Hargan, J. (1998) An investigation into the use of interaction strategies for children with profound and multiple learning difficulties. Masters thesis, Durham University.
This study examined the premise that intensive social interaction facilitates a greater quality of responsiveness and the learning of social routines in children with profound and multiple learning difficulties (pmld). The significant behaviours that adults and normally developing infants use during social interaction and the suitability of their application to children with pmld was examined. Four children with chronological ages of five years, six years, eight years and nine years and designated as having pmld, were videotaped in a classroom setting, in a series of interaction sequences with a teacher. The manifestation of the features of attentiveness, imitation, vocalisation, posture changes, eye contact and facial expressions in children with pmld were considered in relation to adult interactive behaviours of touch, facial movements, vocalisations using infant register, play movements, en face positions with the child and imitation of child behaviours. Analysis of the videotaped data took the form of observation of five second sequences of interaction scored on a schedule indicating the adult and child interactive behaviours. A second observer viewed a number of Interactions in the videotaped data to confirm reliability. The indications were that children with pmld show a quality of responsiveness that has implications for the learning of social routines.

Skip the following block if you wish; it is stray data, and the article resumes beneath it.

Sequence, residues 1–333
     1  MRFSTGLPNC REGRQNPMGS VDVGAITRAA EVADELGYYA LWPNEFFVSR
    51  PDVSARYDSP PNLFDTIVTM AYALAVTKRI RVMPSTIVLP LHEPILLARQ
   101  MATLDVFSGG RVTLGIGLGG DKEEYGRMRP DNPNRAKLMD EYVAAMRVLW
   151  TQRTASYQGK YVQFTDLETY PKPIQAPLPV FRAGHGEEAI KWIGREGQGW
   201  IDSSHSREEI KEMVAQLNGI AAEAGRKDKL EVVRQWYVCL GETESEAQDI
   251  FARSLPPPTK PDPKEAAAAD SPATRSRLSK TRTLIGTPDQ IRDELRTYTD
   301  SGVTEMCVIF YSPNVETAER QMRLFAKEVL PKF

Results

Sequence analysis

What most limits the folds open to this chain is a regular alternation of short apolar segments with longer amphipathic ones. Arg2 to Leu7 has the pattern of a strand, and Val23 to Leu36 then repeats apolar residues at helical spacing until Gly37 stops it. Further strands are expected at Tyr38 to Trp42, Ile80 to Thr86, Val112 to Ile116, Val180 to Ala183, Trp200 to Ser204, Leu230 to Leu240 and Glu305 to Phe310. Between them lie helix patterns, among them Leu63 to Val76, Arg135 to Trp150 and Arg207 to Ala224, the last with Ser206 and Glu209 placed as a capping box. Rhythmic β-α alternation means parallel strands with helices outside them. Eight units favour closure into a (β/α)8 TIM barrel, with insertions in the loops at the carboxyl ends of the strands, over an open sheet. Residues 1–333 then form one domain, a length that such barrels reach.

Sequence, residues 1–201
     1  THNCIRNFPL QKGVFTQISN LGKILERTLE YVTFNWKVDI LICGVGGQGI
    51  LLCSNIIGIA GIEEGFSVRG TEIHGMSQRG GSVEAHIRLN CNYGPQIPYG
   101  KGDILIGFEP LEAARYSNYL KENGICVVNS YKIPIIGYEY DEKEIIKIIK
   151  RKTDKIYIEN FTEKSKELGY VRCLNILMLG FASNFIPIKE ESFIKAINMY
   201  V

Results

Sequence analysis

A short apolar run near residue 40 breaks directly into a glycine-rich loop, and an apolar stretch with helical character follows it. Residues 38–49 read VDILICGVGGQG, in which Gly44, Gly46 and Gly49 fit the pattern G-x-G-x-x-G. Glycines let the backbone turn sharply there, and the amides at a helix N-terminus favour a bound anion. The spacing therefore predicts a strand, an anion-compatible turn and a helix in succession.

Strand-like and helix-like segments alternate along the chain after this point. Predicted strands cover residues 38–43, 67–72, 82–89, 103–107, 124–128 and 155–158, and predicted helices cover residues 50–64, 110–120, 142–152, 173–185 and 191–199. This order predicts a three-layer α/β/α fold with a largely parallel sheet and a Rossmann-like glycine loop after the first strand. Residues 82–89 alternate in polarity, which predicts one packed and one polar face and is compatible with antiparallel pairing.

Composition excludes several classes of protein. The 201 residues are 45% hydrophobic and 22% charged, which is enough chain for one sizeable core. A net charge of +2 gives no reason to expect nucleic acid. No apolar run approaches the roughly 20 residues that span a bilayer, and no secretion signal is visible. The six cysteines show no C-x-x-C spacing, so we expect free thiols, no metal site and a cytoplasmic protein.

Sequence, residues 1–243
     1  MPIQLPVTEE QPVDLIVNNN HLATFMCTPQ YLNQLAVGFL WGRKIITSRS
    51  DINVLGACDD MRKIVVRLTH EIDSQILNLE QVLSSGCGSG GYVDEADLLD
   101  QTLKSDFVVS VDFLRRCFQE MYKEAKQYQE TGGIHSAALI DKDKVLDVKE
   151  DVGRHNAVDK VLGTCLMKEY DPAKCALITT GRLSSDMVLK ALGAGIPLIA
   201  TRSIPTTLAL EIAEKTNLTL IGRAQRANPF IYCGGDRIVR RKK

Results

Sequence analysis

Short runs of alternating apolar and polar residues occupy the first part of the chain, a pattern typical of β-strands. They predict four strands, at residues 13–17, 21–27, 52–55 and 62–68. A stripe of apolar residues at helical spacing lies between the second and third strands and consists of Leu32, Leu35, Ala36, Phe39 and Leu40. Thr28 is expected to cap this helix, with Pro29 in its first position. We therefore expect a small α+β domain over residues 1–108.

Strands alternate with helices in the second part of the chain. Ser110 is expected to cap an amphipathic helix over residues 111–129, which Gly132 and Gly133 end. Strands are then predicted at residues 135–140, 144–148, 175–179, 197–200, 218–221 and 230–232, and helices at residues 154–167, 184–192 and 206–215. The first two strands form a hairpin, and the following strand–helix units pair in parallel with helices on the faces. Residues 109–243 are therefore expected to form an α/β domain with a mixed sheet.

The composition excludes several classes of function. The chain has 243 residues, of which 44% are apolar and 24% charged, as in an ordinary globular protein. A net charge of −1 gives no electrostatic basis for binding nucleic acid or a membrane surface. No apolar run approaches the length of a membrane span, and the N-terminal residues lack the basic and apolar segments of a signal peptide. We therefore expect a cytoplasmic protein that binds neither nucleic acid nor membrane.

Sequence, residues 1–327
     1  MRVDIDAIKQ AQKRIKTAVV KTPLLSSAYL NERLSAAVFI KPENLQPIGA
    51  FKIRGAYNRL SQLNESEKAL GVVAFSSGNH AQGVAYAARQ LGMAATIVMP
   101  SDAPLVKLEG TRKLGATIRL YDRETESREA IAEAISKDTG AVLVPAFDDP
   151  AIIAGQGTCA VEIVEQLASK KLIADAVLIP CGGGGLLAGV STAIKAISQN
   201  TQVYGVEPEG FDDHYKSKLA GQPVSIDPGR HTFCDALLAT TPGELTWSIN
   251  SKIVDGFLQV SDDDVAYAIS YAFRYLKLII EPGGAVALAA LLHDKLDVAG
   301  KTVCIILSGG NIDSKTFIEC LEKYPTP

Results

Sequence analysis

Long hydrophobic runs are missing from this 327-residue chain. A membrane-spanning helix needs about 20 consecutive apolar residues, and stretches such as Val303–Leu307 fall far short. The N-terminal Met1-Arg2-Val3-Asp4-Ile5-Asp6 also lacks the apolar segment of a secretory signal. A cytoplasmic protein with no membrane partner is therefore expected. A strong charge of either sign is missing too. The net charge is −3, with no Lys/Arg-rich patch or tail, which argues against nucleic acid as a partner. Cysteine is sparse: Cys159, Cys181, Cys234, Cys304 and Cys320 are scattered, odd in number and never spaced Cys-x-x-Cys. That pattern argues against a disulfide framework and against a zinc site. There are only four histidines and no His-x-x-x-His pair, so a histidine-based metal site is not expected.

|Item Type:||Thesis (Masters)|
|Award:||Master of Education|
|Copyright:||Copyright of this thesis is held by the author|
|Deposited On:||13 Sep 2012 15:50|